Cuba fighting blogs with blogs
Viewing bloggers critical of the government as dangerous subversives, Cuba is fighting blog with blog.
BY JUAN O. TAMAYO
Cuba is counter-attacking its cyber-foes with government backers calling them mercenaries and CIA agents, but sometimes admitting it's difficult to fight Internet critics like well-known blogger Yoani Sánchez.
``There must be a defense, but how?'' wrote one government supporter on Progreso-Weekly.com ``If you [answer] them, you validate them. If you ignore them, you confirm them. If they are repressed, they are empowered. And if they are not repressed, they are also empowered.''
The answer seems to be to counter-attack. Half-a-dozen posts referring to a ``media war'' and the need to ``man the trenches'' in ``defense of the revolution'' have popped up on pro-government blog sites in the past three weeks.
Most of the posts took direct aim at Sánchez and her Generación Y blog, and were published after she posted President Barack Obama's replies to her questions on Nov. 19. But the posts left no doubt that all of the 15 or so other bloggers who regularly criticize the Cuban government are viewed as dangerous subversives.
``Those who want to restore capitalism receive financial and technical support, from both inside and outside the island, to build a counterrevolutionary front,'' wrote Enrique Ubieta, editor of the Cuban magazine La Calle Del Medio.
If bloggers ``have, as the only goal of their acts, the toppling of their adversary, the seizure of power; if there's an express intent to subvert, then we speak of confrontation and the right of the revolution to defend itself,'' wrote Vladia Rubio, a writer in the official Granma newspaper.
Most of the counter-attacks were posted on the Cuba-based Cambios en Cuba blog, where a cartoon shows Obama ripping open his shirt, Superman-style, to reveal the Sánchez blog's logo, and another shows her as a ``cyber-clown.''
Several blogs implied she lied when she complained that state security agents had beaten her in mid-November, and that the many international prizes she has wonwere arranged by powerful anti-Castro interests to lend weight to her criticisms of the Cuban system.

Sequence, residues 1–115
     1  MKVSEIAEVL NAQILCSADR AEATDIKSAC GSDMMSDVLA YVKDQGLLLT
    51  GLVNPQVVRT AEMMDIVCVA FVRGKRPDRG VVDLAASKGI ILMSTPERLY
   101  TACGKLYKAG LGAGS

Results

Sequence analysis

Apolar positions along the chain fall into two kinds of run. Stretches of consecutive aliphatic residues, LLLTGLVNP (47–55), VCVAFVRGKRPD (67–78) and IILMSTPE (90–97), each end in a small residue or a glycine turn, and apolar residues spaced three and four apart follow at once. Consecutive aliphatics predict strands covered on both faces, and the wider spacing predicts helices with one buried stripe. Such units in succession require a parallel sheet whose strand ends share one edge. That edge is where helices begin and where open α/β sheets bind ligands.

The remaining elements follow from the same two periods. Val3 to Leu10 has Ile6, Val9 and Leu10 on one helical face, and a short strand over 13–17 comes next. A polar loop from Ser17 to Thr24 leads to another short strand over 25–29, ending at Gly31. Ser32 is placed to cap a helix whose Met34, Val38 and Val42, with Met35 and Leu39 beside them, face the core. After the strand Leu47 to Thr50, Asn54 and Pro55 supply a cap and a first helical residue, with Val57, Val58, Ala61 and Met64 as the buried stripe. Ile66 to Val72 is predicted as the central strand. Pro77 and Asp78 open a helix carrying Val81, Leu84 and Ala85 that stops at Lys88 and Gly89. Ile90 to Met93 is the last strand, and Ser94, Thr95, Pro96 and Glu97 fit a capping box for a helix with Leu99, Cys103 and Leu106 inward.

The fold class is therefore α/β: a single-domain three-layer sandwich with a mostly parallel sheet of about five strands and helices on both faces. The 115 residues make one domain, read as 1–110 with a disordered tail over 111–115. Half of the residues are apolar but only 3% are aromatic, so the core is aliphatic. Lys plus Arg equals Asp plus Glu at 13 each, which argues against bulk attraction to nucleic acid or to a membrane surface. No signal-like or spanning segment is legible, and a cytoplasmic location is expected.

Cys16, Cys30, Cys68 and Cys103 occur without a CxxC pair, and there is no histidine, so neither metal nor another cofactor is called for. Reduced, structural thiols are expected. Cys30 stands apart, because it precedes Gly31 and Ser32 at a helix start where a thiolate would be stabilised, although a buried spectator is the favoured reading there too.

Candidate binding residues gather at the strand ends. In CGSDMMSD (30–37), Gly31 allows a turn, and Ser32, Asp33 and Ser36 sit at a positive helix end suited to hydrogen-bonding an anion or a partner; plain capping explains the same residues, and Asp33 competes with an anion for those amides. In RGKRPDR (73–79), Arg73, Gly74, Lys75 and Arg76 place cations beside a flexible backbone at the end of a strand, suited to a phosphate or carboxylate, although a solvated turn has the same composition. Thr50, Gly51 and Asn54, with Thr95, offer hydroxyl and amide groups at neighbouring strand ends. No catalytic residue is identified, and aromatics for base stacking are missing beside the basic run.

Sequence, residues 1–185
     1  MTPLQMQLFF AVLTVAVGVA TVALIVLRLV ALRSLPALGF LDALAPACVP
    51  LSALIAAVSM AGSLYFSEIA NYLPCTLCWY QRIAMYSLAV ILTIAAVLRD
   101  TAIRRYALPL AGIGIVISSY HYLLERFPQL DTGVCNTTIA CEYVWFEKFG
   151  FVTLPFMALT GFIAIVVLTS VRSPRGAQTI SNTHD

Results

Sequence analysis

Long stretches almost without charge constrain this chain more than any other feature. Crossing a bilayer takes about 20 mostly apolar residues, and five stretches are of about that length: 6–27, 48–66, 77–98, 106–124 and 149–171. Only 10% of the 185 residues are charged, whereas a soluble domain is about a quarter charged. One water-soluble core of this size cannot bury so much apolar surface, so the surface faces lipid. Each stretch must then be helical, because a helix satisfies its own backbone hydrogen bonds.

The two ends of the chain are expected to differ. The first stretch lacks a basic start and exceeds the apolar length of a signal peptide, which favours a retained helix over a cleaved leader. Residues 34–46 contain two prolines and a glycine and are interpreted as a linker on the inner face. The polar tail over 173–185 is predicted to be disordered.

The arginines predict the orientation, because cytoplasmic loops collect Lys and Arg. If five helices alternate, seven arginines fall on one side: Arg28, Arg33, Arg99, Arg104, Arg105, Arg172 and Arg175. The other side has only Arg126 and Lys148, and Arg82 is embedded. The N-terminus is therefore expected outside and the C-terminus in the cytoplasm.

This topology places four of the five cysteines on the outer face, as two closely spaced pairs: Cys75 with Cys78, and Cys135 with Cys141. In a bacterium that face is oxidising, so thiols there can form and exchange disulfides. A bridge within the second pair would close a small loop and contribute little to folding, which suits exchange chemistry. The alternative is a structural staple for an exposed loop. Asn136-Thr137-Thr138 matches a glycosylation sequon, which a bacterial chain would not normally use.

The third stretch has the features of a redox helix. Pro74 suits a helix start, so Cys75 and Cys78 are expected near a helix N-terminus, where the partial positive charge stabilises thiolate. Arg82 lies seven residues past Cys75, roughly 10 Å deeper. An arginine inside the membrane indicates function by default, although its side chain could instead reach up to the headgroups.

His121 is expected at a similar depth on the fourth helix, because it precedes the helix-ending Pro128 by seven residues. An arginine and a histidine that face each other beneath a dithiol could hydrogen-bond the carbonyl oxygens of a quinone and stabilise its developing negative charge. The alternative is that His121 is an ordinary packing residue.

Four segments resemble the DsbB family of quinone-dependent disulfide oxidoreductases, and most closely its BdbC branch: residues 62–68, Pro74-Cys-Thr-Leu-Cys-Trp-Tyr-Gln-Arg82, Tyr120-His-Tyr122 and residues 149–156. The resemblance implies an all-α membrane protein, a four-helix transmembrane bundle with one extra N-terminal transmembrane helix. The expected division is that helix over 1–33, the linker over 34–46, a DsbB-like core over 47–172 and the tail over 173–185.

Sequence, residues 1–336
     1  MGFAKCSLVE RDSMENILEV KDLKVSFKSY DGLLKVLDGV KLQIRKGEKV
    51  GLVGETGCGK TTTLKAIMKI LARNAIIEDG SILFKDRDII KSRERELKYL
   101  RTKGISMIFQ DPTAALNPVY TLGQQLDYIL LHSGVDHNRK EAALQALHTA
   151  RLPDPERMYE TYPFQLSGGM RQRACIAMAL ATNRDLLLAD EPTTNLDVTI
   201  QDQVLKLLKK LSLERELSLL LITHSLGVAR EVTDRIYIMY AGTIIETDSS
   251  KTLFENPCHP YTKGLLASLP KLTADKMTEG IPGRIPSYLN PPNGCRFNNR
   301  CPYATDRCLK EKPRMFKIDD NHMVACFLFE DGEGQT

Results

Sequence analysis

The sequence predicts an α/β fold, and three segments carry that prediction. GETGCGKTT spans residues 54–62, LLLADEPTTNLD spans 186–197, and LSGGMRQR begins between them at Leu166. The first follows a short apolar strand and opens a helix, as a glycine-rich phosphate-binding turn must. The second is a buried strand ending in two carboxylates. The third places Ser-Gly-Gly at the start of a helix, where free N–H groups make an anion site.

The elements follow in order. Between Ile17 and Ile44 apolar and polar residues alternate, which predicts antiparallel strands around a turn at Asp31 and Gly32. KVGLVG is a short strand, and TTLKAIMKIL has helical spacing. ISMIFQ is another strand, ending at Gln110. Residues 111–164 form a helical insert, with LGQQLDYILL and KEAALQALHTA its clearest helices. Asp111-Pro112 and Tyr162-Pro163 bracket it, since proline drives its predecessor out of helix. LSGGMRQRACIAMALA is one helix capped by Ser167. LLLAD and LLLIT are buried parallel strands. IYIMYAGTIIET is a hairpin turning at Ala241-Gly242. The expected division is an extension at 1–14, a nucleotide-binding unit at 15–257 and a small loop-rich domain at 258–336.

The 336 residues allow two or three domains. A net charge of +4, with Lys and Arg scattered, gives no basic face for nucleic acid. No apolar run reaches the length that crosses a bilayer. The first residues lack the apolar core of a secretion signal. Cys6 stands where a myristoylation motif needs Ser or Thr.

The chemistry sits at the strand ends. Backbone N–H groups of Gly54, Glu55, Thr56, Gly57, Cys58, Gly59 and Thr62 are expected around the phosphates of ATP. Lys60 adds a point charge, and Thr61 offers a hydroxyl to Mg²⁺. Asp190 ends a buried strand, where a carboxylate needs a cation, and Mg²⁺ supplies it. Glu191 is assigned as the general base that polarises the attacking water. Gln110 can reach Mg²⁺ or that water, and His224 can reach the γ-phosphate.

Other attacks were posted on Blogcip, a Cuban site with 44 blogs aimed at ``helping to overcome the accumulation of distorted and erroneous reports about Cuba, and publicize how Cubans think, live, struggle and work on an island constantly harassed.''
One post on Blogcip was titled ``Pentagon Babe,'' and another took a name, DesdeCuba.net, oddly similar to the name of Sánchez' portal, DesdeCuba.com.
``In principle, the Cuban government is not opposed to the blogger movement, but it's a different thing when those blogs don't reflect the real situation in Cuba,'' said Alberto Gonzalez, spokesman for the Cuban diplomatic mission in Washington.
Ted Henken, a Baruch College professor whose blog, El Yuma, focuses on Cuba issues, said the attacks seldom focus on the blogs' criticisms and their ``overall intent is to argue that the fatherland is threatened by an ungrateful anti-Cuban, a skinny computer hacker with a poison pen -- ink bought and paid for by Uncle Sam, of course.''
Sánchez, who has criticized the U.S. embargo and travel restrictions and denied receiving any improper support, has dismissed the attacks.
She wrote recently that ``behind all those offensive words and defamations against me, many times there is a [pro-government] journalist under pressure from his superior.''
``I know very well that one's mask can drop away in a split second, that their true opinions will blossom one day,'' she added. ``I send them all a conspiratorial wink.''
Pro-government bloggers boast that they are a growing factor in the cyber-debate over Cuba.
``There's a rising strength in the movement of Cuban bloggers who . . . desire to have the voice of the real Cuba heard around the world,'' wrote Rosa Báez in Viejoblues.
But they, and their readers, also say they lack the resources, readership and interesting information and writing needed to make their blogs more attractive and thereby more able to spread their pro-government messages.
Vladia Rubio wrote that more Cuban journalists should have blogs, and urged more Cubans with access to the Internet to add comments to posts, complaining that her blog gets comments ``from the same people, who . . .reiterate the same positions.''
And just as some newspapers and websites outside Cuba sometimes re-publish the posts of those opposed to the government, maybe the Cuban media also should publish some pro-government posts, she argued.
Even friendly readers criticized the pro-government posts, attaching comments that complain about their lackof graphics and thewriting, usually about heavyweight politics or culture.
One comment recommended avoiding ``the same old story, which is tiresome.'' Another noted, ``It's enough to look at the logo for GY (Generación Y) to realize how well-designed it is.''